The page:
Dear women, time to speak up against workplace harassment
Now-a-days, workplace bullying of women has become a silent epidemic that has huge hidden costs in terms of employee welfare and efficiency. No matter what’s your profession, harassment of any kind has no place in the workplace.
Harassment or discrimination of women at the workplace is a very common issue in our society and also a very serious one. Countries have laws that have been enacted to address workplace harassment, be it sexual, psychological or discriminatory by the male members in an organization. It creates a hostile working environment that discourages her from getting involved in her work and affects her growth in the society.
Yes, we do have laws and women are more aware of their rights then they were a decade ago, but still, workplace harassment in our country is taking shape as an ugly threat. In a nation where acid attacks, rape, and murders present a depressed picture with increasing statistics, we need to examine deep down our souls and search for solutions.
This occurs because women lack power, are in more defenseless and insecure situations, lack self-confidence, and/or have been socialized that they are to suffer in silence.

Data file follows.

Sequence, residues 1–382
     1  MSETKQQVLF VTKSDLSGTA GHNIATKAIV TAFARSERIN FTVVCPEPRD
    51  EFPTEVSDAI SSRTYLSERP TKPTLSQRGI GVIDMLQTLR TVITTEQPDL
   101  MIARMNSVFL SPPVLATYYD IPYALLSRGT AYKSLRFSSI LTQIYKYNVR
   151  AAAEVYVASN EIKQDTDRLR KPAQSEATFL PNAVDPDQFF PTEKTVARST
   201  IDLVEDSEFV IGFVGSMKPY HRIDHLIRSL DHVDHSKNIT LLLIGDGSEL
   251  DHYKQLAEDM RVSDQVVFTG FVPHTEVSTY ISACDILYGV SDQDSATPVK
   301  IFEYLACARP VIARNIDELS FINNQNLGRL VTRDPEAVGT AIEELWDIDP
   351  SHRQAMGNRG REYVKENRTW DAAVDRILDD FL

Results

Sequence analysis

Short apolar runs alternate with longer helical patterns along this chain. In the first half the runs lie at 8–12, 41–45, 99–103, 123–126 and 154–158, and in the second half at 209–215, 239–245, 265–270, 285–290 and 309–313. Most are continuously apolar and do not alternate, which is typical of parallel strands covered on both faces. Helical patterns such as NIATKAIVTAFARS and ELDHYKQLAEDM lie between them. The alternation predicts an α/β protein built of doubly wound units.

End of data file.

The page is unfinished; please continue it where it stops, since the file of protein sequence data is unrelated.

In some cases, the victim is economically and emotionally dependent on the attacker. Furthermore, the abuse is shameful, so the victim is driven to keep it secret. Women can also become targets of such behavior when they are seen to be competing for power or take on new roles.
Women should know the various types of harassment and discrimination, so they can identify it if it happens to them.Some common forms of workplace Personal – Sexual harassment and discrimination are:
Women’s silence happens at every level, in companies of all sizes.We need to show that we can have a vibrant and honest conversation, because if the conversation is about change, we have to take ownership.
The hurdles women face are genuine, and so are the consequences for many who speak out. If you’re the wage earner for your family, the last thing you want to do is risk being fired. But that’s precisely why more women, not fewer, need to find the courage to speak.
Women, if you want to be heard, if you need justice and if you want to help other women not facing the same as you, then you’ve got to speak up. Roar!
Organizations are committed to preserving and maintaining a work environment that is respectful and free from discrimination, harassment and/or violence. It is the responsibility of all employees to foster and encourage such an environment and the responsibility of management to monitor and intervene to ensure it.
If we work together and speak up every single time — not complaining, but just raising awareness — if thousands of women in thousands of meetings bring it up, that’s when the change will happen. It won’t end discrimination, but it’s a good start.
Take your happiness in your own hand and don’t let anyone bully you!